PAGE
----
Though not a huge sample size, the latest report from Anthology on students and their views about returning to their colleges offers hope for institutions seeking to retain them.
Some 90% of the 1,100 undergraduates and graduate students in the study said they expect to re-enroll at their colleges and universities in the Spring of 2021 – 67% definitely will and 23% probably will – despite the financial implications and risks associated with the COVID-19 pandemic.
Only 3% said they definitely will not enroll.
In its Pandemic College Student Experience Survey, researchers noted, however, that despite the strong desire to return, a third of students said they were not happy with the academic course offerings and their institutions overall. The most notable shift from the previous Anthology report was students’ dissatisfaction of communications from their colleges, which jumped from 13% to 35%.
“As institutions look to put their best foot forward for the Spring semester, it’s imperative for them to understand students’ shifting sentiments and identify how to best meet their needs given the pandemic’s impacts on academics and campus life,” said Jim Milton, CEO of Anthology. “The survey findings clearly indicated that institutions can help improve student satisfaction by improving communication and helping them maintain a sense of connection to the campus, regardless of whether they are currently living on campus or thousands of miles away.”
Anthology’s study features a nice cross-section of respondents – 67% from public institutions and 29% private, as well as some part-time students and those from within various class levels. The majority of those surveyed were female and were in the 18-25 age range. Most are taking courses online, while only 3% say they are learning fully in person.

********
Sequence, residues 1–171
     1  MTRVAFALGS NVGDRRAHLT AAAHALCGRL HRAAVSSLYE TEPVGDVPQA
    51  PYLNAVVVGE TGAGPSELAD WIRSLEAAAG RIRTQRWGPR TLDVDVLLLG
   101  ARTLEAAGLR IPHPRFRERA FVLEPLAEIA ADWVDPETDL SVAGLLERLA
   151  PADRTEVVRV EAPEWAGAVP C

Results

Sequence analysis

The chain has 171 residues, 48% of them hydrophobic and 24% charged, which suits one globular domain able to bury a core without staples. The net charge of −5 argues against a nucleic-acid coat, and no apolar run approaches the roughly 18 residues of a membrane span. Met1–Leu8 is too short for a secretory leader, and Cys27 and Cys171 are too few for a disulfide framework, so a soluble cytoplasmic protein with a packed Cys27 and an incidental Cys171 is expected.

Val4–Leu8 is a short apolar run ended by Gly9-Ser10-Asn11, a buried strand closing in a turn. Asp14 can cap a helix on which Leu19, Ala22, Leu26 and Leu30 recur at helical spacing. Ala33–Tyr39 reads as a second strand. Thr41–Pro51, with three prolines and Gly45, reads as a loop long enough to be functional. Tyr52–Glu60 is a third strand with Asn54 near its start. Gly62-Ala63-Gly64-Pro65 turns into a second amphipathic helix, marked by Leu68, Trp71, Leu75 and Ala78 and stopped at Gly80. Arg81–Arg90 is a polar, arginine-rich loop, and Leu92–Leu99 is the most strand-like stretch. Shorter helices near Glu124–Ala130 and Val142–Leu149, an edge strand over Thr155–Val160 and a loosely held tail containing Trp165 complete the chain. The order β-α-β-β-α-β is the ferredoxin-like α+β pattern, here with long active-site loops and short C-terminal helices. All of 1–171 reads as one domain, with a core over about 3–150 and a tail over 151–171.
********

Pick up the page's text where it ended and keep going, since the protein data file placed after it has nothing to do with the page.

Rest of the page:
About a third of Anthology’s respondents noted a lack of faith in pandemic response plans, feeling that they “were too risky.” Still, half thought they were “just right”, an indication that perhaps while some students feel comfortable with strategies put in place by their institutions, other are not.
Two other significant findings from the study show the distress and hardships some are continuing to face that could impact their institutions in the future in areas of retention and student success.
- More than two-thirds of respondents said they are worried about potential costs of continuing their education. The numbers of those who were non-white students (70%) and first-generation students (77%) were even higher.
- More than a quarter of those polled said social support and the feeling of a true college experience was lacking. Students who were both living on campus or near campus were split nearly 50-50 on whether their institutions both provided a welcoming, comfortable environment for them.
Researchers noted several areas that colleges can improve to meet students’ needs, including: virtual counseling, mentoring, additional one-on-one experiences with faculty members and other campus-driven social events. They also must continue to be more forthcoming and transparent in their communications around COVID-19.